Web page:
children and amateur astronomers will make observations on the borders of the zone of totality
whether the eclipse is total or not and elsewhere on the zone of the duration of the totality in
different places. Knowing the distance of the Moon and the Sun and the radius of the Moon these
observations can be used to calculate the radius of the Sun.
With BMOL, Association of Biology and Geography Teachers, Ursa has organized experiments to
observe how nature reacts to the eclipse. With the aid of scientists of the Helsinki University four
different species have been chosen to be observed: a dog, a wagtail, ant and trefoil. The choice
has been keeping in mind that the species should be easy for the school children to recognize
and as common as possible in the whole country since these observations can be made also
outside the zone of totality.
Both the Solrad and the nature experiments will be accompanied by observations of the
meteorological conditions, i.e. temperature, wind speed and direction, and cloudiness.
The instructions for making all these observations have been gathered in a leaflet which also
contains a blank form for recording the observations. After the eclipse the forms will be collected
by Ursa for an analysis. The results of the experiments will be published in the magazines of the
abovementioned associations and of Ursa.
Eclipse events in Joensuu
Joensuu is prepared to welcome all the thousands of guests coming to experience this great
phenomenon of nature. There is still some room in hotels and accommadation is also arranged in
homes and farms in the Joensuu area.
Around the date of the eclipse the city of Joensuu will be decorated with yellow banderols and the
marketplace will be a center of all kinds of activities. On Saturday the 21st of July at 2 p.m. there
will be a lecture about solar eclipses in the Carelia Hall at the University of Joensuu. The lecture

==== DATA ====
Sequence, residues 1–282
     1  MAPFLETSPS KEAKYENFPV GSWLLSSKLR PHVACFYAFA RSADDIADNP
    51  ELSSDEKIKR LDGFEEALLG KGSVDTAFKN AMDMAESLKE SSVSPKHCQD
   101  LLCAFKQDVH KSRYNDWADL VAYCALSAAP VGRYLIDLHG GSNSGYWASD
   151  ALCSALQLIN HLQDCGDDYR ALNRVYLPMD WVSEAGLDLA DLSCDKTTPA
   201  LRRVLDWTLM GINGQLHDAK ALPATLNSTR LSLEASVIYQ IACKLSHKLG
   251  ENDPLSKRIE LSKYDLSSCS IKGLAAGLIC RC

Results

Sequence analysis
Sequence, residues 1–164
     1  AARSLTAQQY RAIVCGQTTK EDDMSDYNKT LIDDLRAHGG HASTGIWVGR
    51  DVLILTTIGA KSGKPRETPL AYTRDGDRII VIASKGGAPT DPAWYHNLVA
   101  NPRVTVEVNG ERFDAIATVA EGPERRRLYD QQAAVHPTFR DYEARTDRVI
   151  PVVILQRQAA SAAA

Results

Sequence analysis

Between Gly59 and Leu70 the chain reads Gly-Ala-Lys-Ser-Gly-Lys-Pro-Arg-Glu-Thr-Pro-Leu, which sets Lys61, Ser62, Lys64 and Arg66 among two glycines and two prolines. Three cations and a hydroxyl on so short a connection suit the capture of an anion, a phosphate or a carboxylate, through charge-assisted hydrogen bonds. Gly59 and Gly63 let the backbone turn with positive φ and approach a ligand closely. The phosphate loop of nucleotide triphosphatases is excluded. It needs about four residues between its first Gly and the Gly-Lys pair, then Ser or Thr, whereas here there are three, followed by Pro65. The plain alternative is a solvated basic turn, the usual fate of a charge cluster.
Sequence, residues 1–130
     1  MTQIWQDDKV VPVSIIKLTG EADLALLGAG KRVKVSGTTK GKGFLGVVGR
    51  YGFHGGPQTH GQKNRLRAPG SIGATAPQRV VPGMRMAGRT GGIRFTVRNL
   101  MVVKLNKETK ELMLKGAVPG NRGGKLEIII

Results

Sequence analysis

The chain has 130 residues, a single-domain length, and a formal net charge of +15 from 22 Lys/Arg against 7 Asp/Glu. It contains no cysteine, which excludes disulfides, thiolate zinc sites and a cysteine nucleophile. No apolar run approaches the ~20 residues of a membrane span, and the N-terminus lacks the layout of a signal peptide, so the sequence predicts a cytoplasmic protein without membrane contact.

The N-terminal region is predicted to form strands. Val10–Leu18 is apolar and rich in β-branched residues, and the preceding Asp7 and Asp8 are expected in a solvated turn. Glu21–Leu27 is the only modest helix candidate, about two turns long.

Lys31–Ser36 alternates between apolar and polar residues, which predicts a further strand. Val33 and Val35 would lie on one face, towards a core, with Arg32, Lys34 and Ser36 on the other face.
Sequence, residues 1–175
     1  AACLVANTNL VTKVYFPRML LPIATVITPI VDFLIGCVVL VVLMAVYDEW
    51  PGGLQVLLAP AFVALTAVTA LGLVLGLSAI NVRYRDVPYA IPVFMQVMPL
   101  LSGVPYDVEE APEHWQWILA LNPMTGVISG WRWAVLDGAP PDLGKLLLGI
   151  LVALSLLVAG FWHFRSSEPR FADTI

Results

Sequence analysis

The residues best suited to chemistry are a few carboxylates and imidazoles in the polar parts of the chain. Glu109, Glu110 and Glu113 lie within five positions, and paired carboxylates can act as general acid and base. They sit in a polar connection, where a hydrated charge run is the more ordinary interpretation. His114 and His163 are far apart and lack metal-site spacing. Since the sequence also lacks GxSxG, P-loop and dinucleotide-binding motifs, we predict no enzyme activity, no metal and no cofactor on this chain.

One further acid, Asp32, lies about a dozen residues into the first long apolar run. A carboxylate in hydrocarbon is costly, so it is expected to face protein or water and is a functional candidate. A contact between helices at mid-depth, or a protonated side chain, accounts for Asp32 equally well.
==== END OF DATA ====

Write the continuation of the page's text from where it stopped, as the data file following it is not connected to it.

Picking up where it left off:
will be given by Dr. Tapio Markkanen and it will be in Finnish and in English. Later on the Sun will
be celebrated in a big feast at the Festival Stage and the eclipse will be awaited with dance and
bonfires on Ilosaari, an island in the Pielisjoki river crossing the center of the city.
In the main library of Joensuu there will be an exhibition from the 2nd to the 29th of July
commemorating the life and achievements of professor and academician Yrjö Välsälä. From the
20th to the 23rd of July cards and letters sent from Joensuu will be stamped with a special eclipse
On Saturday the 21st of July at 1 p.m. Joensuu Tourist Information will organize a press
conference in the Mustonen Hall by their office at the address Koskikatu 1. Joensuu Tourist
Information is preparing a map of the Joensuu area with the best and most easily accessible
observing sites marked on it. Early on Sunday morning Joensuu will arrange bus tours to some of
those sites. The charge for these tours will be FIM 50 per person and the registrations should be
made to Joensuu Tourist Information. In case of cloudy weather the eclipse can be seen as a
replay on Sunday afternoon at 3 p.m. in the Carelia Hall on a video taped from a Finnair DC-9plane.
For more information about the events in Joensuu please contact:
Ms. Marjut Cadia, Joensuu Tourist Information,
Koskikatu 1, SF-80100 Joensuu, Finland
telephone 358-73-201 609